Grill’n in Nova Scotia


We got out of bed super early this morning.  After showering and shaving we jumped in the car and headed out for the day.  Last night’s gathering, a pre-Grill’n event if you will, was so much fun.  You may have just asked yourself why I took the time to shave on vacation. The reason is because I don’t do anything half-heartedly.  I’m either clean-shaven or bearded.  In the past year I grew it out and kept it longer than I ever have.  I even had a handlebar for a few months.  It looked awesome.  But today, while working a Grill’n & Chill’n event for all of you I must remain professional and as ruggedly cool as I look with considerable growth I need to keep it smooth.  That was an odd tangent.

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Clare! (and Dr. Carroll)
Our first stop was the local Tim Horton’s.  Why not?  How often are we in Canada anyway?  Then it was on to the Provincial highway network and a two and a half-hour drive to the end of Nova Scotia.  When I say the end, I mean the very end.  We crossed the Canso Causeway and onto Cape Bretton Island and then drove along the southern route around Bras d’Or lake out to a tiny town called Glace Bay.  It was a bit confusing since our hosts simply referred to the two main roads as “the new road” and “the old road”.  A number would have been helpful.  For the record these roads do have numbers.  They’re not quite like our Interstate system.  Here in Canada it seems that highways are strictly a provincial operation.  That explains why Autoroute 2o in Quebec suddenly turns into Highway 401 in Ontario.  Different signage, different language, same road.  The “old road” that we took brought us past the most incredible scenery, past lakes and through rolling hills (a bit of fog too) until we reached our destination.

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My ancestral home in Glace Bay.
The reason for our trip is sort of odd.  You see, over a hundred years ago my grandparents were born and raised in this little hamlet.  They didn’t know each other.  That’s odd right there because there can’t have ever been more than a couple of thousand miners and their families in the town.  Before they turned 20 they had both skipped town and headed first to Boston and then New York where my mom was born.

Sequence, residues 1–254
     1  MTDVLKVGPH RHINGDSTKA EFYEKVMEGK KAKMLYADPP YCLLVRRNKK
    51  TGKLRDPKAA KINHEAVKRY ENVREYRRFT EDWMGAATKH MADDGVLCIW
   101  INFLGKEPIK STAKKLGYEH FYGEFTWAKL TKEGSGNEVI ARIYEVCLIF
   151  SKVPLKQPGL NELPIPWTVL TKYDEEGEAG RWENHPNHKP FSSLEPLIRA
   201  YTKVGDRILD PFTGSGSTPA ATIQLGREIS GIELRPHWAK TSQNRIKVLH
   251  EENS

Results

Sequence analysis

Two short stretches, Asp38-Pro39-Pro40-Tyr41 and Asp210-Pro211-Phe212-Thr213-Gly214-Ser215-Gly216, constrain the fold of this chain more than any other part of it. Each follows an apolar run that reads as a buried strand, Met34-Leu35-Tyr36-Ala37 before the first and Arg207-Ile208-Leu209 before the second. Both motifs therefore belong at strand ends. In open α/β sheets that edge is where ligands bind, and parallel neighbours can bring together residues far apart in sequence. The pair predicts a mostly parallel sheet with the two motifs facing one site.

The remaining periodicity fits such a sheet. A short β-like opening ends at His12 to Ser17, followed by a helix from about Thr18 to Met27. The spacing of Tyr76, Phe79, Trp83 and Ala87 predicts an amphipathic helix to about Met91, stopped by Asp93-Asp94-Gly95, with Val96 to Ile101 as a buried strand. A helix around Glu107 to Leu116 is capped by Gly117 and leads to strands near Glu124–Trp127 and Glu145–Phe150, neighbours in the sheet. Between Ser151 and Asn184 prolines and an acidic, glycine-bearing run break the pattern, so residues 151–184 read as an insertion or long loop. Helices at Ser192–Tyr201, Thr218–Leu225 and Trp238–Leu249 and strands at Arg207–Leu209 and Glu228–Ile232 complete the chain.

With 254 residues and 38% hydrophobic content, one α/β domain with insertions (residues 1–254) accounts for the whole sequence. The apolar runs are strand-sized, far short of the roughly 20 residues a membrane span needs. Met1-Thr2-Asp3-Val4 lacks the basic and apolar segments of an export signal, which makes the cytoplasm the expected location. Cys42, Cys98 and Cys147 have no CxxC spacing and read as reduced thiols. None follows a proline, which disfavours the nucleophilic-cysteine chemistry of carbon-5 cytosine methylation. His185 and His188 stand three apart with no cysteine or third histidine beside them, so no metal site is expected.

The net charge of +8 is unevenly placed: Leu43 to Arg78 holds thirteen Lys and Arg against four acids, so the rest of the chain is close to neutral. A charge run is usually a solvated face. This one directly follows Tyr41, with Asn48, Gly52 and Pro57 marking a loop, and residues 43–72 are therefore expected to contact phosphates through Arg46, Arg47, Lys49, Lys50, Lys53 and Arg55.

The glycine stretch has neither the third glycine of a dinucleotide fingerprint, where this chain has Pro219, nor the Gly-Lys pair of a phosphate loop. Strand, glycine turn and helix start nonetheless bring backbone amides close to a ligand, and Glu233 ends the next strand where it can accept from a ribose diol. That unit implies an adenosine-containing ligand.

Let’s talk about the mining industry, shall we?  Glace Bay was a mining town, a company town.  Besco, the British firm that basically owned the mines, the town, and the employees apparently treated their workers like slaves.  The coal fields extend six and a half miles out under the Atlantic seabed.  How’s that for a commute?  Workers would sometimes be forced into the mines by the age of 8 if a dad was injured and would work 12 hour days.  It would take 2 hours to reach the site, for which you would not be paid.  Once there, men would blast, chip, and load coal onto carts that would be pulled out by ponies who lived in underground stables and never saw the light of day.  These are the famous “pit ponies” to which I referred in my last dispatch.  If one was lucky, a man could earn 50 cents a day doing this.  The men of the mines got to be real close during their time together.  There is a famous photograph of a group of naked men showering the black coal dust off their bodies at the end of a shift.  The men are laughing as they recount the events of their day.  Don’t worry, they’re completely covered… in coal – the very thing that sent most of them to an early grave.